The Hill's Congress blog has a regular series that provides policy experts a forum to discuss current topics of the day. This week, the editors posed this question:
President Obama has taken a very different approach to diplomacy than President Bush. Does the new approach serve or undermine long-term U.S. interests?
What “very different approach?” Sure, President Bush implicitly scorned diplomacy in favor of toughness, particularly in his first term. But he sought UN Security Council authorization for tougher measures against Iraq; a truly unilateral approach would have bombed first and asked questions later. By the same token, President Obama has staffed his administration with people, including chief diplomat Hillary Clinton and UN Ambassador Susan Rice, who favored military action against Iraq and Serbia in 1998 and 1999, respectively, and were undeterred by the UNSC’s refusal to endorse either intervention.
There are other similarities. George Bush advocated multilateral diplomacy with North Korea, despite his stated antipathy for Kim Jong Il. President Obama supports continued negotiations with the same odious regime that starves its own people. Bush administration officials met with the Iranians to discuss post-Taliban Afghanistan and post-Saddam Iraq. In the second term, President Bush even agreed in principle to high-level talks on Iran’s nuclear program. President Obama likewise believes that the United States and Iran have a number of common interests, and he favors diplomacy over confrontation.
This continuity shouldn’t surprise us. Both men operate within a political environment that equates diplomacy with appeasement, without most people really understanding what either word means. Defined properly, diplomacy is synonymous with relations between states. As successive generations have learned the high costs and dubious benefits of that other form of international relations -- war -- most responsible leaders are rightly eager to engage in diplomacy. Perhaps the greater concern is that they feel the need to call it something else.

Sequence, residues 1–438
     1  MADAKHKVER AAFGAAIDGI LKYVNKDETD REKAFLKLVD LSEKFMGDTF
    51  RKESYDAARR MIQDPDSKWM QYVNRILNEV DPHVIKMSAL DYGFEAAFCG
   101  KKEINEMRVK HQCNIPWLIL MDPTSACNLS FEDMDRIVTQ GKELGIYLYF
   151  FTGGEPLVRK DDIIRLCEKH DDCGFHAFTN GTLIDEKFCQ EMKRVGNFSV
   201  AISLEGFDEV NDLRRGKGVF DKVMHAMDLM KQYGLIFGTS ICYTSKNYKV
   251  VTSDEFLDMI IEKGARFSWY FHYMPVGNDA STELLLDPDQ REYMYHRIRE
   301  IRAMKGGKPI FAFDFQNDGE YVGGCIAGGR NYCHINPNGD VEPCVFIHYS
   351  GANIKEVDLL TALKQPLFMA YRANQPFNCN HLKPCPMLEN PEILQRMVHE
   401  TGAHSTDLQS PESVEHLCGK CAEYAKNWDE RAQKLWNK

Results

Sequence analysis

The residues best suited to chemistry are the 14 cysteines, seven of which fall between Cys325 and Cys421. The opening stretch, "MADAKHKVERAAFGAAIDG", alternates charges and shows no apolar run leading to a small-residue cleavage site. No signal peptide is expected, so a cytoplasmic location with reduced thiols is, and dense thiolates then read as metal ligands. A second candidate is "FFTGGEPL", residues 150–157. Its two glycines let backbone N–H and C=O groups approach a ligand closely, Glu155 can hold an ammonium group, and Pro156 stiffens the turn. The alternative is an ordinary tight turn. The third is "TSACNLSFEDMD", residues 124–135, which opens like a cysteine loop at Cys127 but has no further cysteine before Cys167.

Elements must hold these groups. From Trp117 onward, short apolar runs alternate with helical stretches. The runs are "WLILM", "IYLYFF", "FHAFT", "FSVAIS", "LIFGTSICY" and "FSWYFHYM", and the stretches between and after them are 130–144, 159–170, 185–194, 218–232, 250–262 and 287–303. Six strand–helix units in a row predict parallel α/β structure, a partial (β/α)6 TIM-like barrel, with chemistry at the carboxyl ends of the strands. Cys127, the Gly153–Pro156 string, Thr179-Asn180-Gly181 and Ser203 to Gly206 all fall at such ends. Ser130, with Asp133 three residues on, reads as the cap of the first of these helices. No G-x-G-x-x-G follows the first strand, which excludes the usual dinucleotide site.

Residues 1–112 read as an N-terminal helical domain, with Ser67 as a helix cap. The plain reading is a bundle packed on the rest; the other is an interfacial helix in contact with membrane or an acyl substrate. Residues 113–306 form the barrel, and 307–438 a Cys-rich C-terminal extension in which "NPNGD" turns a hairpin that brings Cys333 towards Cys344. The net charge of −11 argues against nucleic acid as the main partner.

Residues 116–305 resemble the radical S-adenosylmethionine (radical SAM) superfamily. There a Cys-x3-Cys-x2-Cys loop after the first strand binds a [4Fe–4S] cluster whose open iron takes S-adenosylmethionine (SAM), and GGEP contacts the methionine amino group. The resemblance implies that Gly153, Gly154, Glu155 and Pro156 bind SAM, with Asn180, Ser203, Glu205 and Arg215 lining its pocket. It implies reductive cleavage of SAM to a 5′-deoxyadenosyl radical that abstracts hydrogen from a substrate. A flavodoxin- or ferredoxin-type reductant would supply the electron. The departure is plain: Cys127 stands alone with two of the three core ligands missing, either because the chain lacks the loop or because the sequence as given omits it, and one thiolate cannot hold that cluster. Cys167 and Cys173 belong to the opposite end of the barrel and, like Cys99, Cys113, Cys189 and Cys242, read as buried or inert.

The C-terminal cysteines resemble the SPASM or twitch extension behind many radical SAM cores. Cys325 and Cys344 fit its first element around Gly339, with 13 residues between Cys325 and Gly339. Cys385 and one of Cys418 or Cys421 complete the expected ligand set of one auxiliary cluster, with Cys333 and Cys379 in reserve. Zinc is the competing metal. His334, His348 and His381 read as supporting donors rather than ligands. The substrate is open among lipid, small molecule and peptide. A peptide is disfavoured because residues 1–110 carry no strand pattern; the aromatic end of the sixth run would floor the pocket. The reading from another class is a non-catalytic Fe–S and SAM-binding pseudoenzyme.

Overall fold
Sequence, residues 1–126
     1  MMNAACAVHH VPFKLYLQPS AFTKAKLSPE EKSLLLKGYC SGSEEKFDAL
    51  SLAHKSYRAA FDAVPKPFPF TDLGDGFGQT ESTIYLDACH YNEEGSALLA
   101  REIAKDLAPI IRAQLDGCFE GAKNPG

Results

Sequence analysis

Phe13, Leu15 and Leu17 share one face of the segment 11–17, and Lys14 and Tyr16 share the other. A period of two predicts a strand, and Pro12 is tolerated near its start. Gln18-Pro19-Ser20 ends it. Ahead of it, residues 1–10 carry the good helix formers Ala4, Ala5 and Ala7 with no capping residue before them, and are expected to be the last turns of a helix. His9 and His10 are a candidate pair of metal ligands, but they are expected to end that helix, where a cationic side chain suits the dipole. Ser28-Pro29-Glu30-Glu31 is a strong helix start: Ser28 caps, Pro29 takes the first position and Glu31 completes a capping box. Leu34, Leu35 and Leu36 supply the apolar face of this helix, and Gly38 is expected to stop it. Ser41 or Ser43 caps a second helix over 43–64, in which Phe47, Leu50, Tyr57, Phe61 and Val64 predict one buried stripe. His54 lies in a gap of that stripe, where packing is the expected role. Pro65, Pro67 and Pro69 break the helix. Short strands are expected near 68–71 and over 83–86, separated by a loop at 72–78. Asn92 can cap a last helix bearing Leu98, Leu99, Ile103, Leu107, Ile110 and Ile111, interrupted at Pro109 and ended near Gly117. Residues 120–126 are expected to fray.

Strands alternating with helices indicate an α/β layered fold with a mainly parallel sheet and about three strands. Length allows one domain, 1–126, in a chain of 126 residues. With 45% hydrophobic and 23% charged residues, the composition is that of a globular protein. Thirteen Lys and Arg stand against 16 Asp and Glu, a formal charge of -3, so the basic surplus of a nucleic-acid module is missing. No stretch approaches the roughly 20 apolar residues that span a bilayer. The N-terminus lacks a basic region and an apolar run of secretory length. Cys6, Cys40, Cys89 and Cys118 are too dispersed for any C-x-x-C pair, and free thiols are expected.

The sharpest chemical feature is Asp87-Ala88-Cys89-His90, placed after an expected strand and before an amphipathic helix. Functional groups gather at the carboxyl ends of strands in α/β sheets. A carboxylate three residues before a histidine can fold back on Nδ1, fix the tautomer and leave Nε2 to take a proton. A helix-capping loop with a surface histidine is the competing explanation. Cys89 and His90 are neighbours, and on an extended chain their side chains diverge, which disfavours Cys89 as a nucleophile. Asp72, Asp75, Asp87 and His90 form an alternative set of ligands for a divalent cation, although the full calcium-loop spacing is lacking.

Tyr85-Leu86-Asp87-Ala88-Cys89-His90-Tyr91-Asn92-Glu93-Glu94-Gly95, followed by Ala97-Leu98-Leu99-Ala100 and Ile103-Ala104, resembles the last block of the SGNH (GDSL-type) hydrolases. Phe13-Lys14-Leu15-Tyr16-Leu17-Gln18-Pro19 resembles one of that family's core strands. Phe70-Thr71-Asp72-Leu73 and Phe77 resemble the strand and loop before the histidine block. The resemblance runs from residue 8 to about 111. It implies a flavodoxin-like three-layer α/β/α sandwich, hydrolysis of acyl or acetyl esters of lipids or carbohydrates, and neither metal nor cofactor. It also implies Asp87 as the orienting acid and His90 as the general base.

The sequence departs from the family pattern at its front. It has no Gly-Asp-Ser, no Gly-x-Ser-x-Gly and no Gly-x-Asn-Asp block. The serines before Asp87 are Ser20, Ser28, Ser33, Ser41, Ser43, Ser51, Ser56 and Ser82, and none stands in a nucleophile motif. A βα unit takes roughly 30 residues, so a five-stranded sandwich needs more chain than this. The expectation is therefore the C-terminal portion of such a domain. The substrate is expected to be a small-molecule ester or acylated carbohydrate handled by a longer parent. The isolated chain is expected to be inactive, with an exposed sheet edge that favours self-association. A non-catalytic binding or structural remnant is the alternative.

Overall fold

I (and several colleagues) have blogged before about Citizens United v. Federal Election Commission, the latest campaign finance case, which was argued this morning at the Supreme Court. The case is about much more than whether a corporation can release a movie about a political candidate during an election campaign. Indeed, it goes to the very heart of the First Amendment, which was specifically created to protect political speech—the kind most in danger of being censored by politicians looking to limit the appeal of threatening candidates and ideas.
After all, hard-hitting political speech is something the First Amendment's authors experienced firsthand. They knew very well what they were doing in choosing free and vigorous debate over government-filtered pablum. Moreover, persons of modest means often pool their resources to speak through ideological associations like Citizens United. That speech too should not be silenced because of nebulous concerns about "level playing fields" and speculation over the "appearance of corruption." The First Amendment simply does not permit the government to handicap speakers based on their wealth, or ration speech in a quixotic attempt to equalize public debate: Thankfully, we do not live in the world of Kurt Vonnegut’s Harrison Bergeron!
A few surprises came out of today’s hearing, but not regarding the ultimate outcome of this case. It is now starkly clear that the Court will rule 5-4 to strike down the FEC’s attempt to regulate the Hillary Clinton movie (and advertisements for it). Indeed, Solicitor General Elena Kagan -- in her inaugural argument in any court -- all but conceded that independent movies are not electioneering communications subject to campaign finance laws. And she reversed the government’s earlier position that even books could be banned if they expressly supported or opposed a candidate! (She went on to also reverse the government's position on two other key points: whether nonprofit corporations (and perhaps small enterprises) could be treated differently than large for-profit business, and what the government's compelling interest was in prohibiting corporations from using general treasury funds on independent political speech.)